Is the South Caucasus Finally Emerging as the Main Transit Hub between Europe and Asia?

Is the South Caucasus Finally Emerging as the Main Transit Hub between Europe and Asia?

Against the backdrop of the ongoing Russian invasion in Ukraine, transit between Europe and Asia through the South Caucasus has been dramatically increasing as international shipping companies have started avoiding Russia for transiting cargo and seeking alternative routes due to the sanctions against the Russian railway. For instance, Maersk introduced a new rail-sea shipping service connecting Asia to Europe through the Middle Corridor via the South Caucasus and Central Asia. At the same time, Finnish company Nurminen Logistics started shipping from China to Europe via the trans-Caspian route. Shipment through the route is projected to increase six times in 2022.

Having seen an increasing demand for transit, Azerbaijan, Georgia, Kazakhstan and Turkey decided to foster the regional transportation potential by signing an agreement on March 31. Georgia’s state railway company also started cooperating with Azerbaijani and Kazakh companies to create a new shipping route across the Black Sea between the ports of Poti, Georgia and Constanta, in Romania. An attempt to substitute the Northern Corridor with trans-Caspian routes is not new. Countries in the region, along with the European Union and Turkey, have been trying to construct transportation routes throughout the region. As a result, the Baku-Tbilisi-Ceyhan oil pipeline and the Transport Corridor Europe-Caucasus-Asia (TRACECA) were launched, an international transport programme involving the EU and 12 member states of the Eastern European, Caucasus and Central Asian regions.

The importance of South Caucasus and Central Asia as transit hubs was revitalised in 2013, when the President of China, Xi Jinping, launched the Belt and Road Initiative (BRI) to develop a connection with the West. The BRI is comprised of two parts: Silk Road Economic Belt and Maritime Silk Road, jointly distinguishing set of projects to connect China to Europe through land and sea, respectively. BRI has gradually gained global recognition and has been increasingly viewed as one of the most significant initiatives of the century. In 2017, under the framework of BRI, the Baku-Tbilisi-Kars railroad was launched, and transportation volumes have been growing steadily since, despite pandemic-related slowdowns. However, the overall capacity of the railroad has remained limited. Similarly, the Trans-Caspian corridor involves slow and costly maritime transportation to cross first the Caspian Sea and then the Black Sea from Georgia to the ports of Romania or Bulgaria and utilises an underdeveloped rail route through Turkey.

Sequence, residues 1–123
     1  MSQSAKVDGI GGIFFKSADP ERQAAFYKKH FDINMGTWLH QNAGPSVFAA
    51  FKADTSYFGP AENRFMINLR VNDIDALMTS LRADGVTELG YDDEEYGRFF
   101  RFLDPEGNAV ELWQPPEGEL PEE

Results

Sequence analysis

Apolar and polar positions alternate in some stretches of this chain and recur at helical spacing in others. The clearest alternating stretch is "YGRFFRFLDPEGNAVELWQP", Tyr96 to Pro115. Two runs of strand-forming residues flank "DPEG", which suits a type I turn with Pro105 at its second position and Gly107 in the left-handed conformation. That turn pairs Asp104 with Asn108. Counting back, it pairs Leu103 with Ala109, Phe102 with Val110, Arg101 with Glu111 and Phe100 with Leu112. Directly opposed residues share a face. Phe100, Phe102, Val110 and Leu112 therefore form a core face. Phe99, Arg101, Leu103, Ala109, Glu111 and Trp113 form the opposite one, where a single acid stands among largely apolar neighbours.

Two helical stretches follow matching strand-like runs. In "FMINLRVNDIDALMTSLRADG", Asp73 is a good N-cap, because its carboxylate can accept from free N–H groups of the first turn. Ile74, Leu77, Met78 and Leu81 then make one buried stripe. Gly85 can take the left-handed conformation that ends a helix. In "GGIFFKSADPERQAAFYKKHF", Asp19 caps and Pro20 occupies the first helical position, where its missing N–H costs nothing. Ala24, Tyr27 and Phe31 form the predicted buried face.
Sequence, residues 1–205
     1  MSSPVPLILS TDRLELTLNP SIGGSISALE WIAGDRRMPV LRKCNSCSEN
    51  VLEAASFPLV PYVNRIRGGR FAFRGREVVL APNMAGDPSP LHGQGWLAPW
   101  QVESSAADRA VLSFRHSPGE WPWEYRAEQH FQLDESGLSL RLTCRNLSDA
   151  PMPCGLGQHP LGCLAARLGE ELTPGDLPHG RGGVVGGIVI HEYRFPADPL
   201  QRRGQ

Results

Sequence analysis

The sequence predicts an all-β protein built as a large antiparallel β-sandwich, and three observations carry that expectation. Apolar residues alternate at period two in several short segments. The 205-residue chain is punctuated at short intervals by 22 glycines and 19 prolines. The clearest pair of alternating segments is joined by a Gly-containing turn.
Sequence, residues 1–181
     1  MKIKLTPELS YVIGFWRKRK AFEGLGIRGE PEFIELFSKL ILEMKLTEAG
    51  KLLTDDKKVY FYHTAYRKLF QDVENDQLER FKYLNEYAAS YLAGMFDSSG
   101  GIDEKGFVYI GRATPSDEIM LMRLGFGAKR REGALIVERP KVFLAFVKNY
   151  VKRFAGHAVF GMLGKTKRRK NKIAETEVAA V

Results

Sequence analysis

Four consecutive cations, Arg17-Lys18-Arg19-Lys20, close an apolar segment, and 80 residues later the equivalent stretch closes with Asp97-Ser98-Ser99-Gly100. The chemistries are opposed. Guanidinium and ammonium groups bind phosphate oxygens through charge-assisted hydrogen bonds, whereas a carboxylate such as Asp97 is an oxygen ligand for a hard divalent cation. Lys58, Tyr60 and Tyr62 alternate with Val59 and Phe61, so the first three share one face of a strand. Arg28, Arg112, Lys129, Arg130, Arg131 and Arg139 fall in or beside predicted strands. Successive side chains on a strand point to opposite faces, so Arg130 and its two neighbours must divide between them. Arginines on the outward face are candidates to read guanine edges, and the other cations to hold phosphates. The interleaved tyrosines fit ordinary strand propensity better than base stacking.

It is noteworthy that a decade-long major modernisation of the Georgian railway is expected to be completed this year, which will double its freight transportation capacity. However, there are concerns that the overall regional infrastructure in the South Caucasus is underdeveloped to respond to the surging transit demand. One of the main concerns has been the cancellation of the Anaklia deep-sea port, which had been expected to play a crucial role in intercontinental transit. Even though the Georgian government still claims that building the port remains a priority, there has not yet been a new procurement for companies to take over the project. The lack of a deep-water port decreases the prospects of the Trans-Caspian corridor becoming the main transit route between Europe and Asia.

In the meantime, Azerbaijan has tried to utilise the increasing interest in the Middle Corridor. On the 30th anniversary of bilateral relations between Azerbaijan and China, Azerbaijani President Ilham Aliyev, in his letter to Xi Jinping, emphasised cooperation in transportation, underlining the importance of infrastructure projects in transportation and transit for the cooperation between the two countries. The Azerbaijani government has sought to expand the capacity of the Port of Baku, given the rising demand occasioned by Russia’s isolation from the key project of the industrial park at Azerbaijan’s new Port of Baku. Additionally. Recently, a Parliamentary delegation from Kazakhstan visited Azerbaijan to discuss opportunities of redirecting transit away from Russia to the South Caucasus.

Despite these developments, several challenges remain to Chinese transit through Azerbaijan. Firstly, it is not a key part of China’s land-based trade and energy network. At the governmental level, China has failed to close several key financial agreements that will boost economic ties with Azerbaijan. There are currently no agreements on currency swaps, industrial transfer, or free trade between the two countries, though China has concluded such agreements with Georgia and Armenia. On top of that, Azerbaijan has not shown any great enthusiasm for upgrading its old and slow railway infrastructure, which is needed to accommodate Chinese cargo arriving from Kazakhstan via the Caspian Sea.

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